PETALING JAYA - Journalist Mokhtar (not his real name) intends to continue vaping despite reports on the recent deaths in the United States that have been linked to e-cigarettes and vape use.
The 27-year-old, who has been vaping for about three years, said the benefit of vaping to him outweighed any risks that it might bring.
"I started vaping about three years ago as a way to stop smoking.
"From what I know, vaping is safer than smoking cigarettes, so I'm not worried about it, " he said.
Vaping, they said, helped them to quit smoking - which they felt was more harmful to their health.
The US Centre for Disease Control and Prevention (CDC) said that as at Oct 1,18 deaths linked to the use of e-cigarettes and vape products had been reported in the US.
The CDC also recorded 1,080 lung injury cases linked to the use of e-cigarettes and vape products in the country, with 80 per cent of the patients being under 35 years old.
It added that most of the patients reported a history of using e-cigarettes and vape products containing tetrahydrocannabinol (THC).
Maisie Teo, who is a marketing staff, said she would continue to vape unless there was conclusive scientific evidence to prove that vaping was harmful to one's health.
"I'm pretty particular about the ingredients in the vape liquid I purchase, " said the 26-year-old, adding that she started vaping about four months ago as a way to quit smoking.
Jake See is another who turned to vaping as a way to stave off cigarettes.
Like Teo, See practises caution when buying his vape liquid.
"I try to buy from 'trusted' brands rather than newer or cheaper brands, " said the musician.
He said he was concerned about the deaths in the US, but would continue with the habit for now.
"It helps me deal with the craving for cigarettes, " he said.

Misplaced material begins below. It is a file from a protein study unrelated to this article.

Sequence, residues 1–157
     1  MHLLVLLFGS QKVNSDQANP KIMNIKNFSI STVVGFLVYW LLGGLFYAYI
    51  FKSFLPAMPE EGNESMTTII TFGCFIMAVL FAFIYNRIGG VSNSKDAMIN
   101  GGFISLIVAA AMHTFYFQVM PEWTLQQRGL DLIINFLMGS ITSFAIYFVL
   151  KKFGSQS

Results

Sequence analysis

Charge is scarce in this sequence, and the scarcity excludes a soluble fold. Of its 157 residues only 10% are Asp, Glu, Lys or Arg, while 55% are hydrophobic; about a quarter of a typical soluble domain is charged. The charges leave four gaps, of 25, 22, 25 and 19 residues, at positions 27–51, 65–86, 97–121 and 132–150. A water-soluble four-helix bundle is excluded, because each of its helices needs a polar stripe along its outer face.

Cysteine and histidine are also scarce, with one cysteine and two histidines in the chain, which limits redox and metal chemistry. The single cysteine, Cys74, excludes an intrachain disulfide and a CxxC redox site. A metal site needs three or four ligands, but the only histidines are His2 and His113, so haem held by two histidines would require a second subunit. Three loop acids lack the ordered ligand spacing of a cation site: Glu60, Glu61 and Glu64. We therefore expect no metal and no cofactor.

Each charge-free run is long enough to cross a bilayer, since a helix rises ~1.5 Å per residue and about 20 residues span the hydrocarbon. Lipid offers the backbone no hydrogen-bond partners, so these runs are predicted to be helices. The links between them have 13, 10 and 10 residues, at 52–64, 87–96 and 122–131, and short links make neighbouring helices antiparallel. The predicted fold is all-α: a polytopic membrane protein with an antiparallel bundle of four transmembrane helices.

Meanwhile, retailers of e-cigarette and vape products reported that the deaths in the US had not affected sales in Malaysia.
Malaysia E-Vaporisers and Tobacco Alternative Association secretary Zain Azrul said he had not seen a dip in the sales of such products in the country.
Malaysian Organisation of Vape Entity, which champions consumers of tobacco alternatives, said the sales of e-cigarettes in Malaysia had not been directly affected by US news reports of vape-linked deaths.
Its president Samsul Kamal Ariffin however noted that the number of consumers had "greatly reduced" over the past few years due to aggressive campaigns by various bodies.
"When vaping and e-cigarettes were at its peak about three years ago, there were about one million users, but now there could be about 300,000 users in the country.
"We are not claiming that vaping is good for our health, but it is a healthier alternative than smoking. It is an alternative for us to quit smoking, " he said.
Malaysian Vape Chamber of Commerce president Syed Azaudin Syed Ahmad said it was too early to see the impact of US reports of vape-linked deaths to the sales of vaping items in Malaysia.